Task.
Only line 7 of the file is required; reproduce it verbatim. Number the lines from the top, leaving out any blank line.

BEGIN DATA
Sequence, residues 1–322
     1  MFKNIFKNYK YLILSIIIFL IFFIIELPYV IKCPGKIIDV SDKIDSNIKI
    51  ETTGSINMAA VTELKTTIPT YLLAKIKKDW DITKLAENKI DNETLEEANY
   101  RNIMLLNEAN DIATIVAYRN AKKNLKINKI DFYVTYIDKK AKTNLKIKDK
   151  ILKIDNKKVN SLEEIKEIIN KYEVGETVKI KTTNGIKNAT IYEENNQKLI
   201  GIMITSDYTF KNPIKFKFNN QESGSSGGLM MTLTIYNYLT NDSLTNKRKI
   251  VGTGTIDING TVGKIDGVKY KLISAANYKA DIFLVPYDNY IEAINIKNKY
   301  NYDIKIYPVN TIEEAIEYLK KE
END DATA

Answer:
   251  VGTGTIDING TVGKIDGVKY KLISAANYKA DIFLVPYDNY IEAINIKNKY